Oil prices increased in European trade on Friday as investors focused on next week’s OPEC+ meeting, which is expected to deflate US hopes for a supply boost.

Brent oil futures for September delivery, which expire on Friday, rose $2.34 to $109.48 a barrel at 0933 GMT, the highest since July 5. The more active October contract was trading at $104.13, up $2.30.

West Texas Intermediate (WTI) oil futures in the United States increased $2.16 to $98.58 per barrel.

However, both contracts are likely to lose money for the second month in a row, falling 4.6 percent and 6.8 percent, respectively.

A lower dollar and higher shares also helped on Friday. When the value of the dollar falls, the price of oil falls for buyers using other currencies.

Global stocks (.MIWD00000PUS), which generally move in line with oil prices, were higher on hopes that monetary tightening in the United States will be less aggressive than first anticipated after poor growth statistics.

“It certainly feels like we are back in trade-off mode again, where sentiment is shifting between recessionary risks in H2 and a fundamentally undersupplied (oil) market,” said Stephen Innes, managing partner at SPI Asset Management.

Front-month Brent futures are trading at an increasing premium to later-loading months, signaling restricted current supplies, according to a market structure known as backwardation.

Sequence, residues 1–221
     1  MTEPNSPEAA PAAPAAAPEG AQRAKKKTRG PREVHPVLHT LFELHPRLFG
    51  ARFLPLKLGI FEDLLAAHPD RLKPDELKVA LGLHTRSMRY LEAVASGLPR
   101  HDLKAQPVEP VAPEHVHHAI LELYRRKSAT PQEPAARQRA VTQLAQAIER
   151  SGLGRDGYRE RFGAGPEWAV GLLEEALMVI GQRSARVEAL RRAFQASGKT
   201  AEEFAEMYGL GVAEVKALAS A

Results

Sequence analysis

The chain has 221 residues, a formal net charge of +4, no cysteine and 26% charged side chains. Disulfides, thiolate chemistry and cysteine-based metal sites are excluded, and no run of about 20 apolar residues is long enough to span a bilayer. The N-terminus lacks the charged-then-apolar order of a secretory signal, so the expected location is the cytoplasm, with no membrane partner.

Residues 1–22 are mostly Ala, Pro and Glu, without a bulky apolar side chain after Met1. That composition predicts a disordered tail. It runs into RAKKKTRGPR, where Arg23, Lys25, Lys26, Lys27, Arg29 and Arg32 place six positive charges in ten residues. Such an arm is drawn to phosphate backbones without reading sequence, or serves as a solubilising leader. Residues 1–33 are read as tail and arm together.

“The oil market in Europe is considerably tighter than in the U.S., which is also reflected in the sharply falling Brent forward curve,” said Commerzbank analyst Carsten Fritsch to Reuters..

The next meeting of the Organization of Petroleum Exporting Countries (OPEC) and its allies, headed by Russia, known as OPEC+, will be a crucial driver on Aug. 3.

According to OPEC+ sources, the club is considering keeping oil production steady in September, with two OPEC+ sources stating a slight increase is being explored. 

A decision not to increase production would be a disappointment to the United States, which had hoped to reach an agreement with Saudi Arabia to open the taps earlier this month. 

Analysts, on the other hand, believe that OPEC+ will struggle to increase supplies since several countries are already failing to fulfill output restrictions.

Source: Reuters


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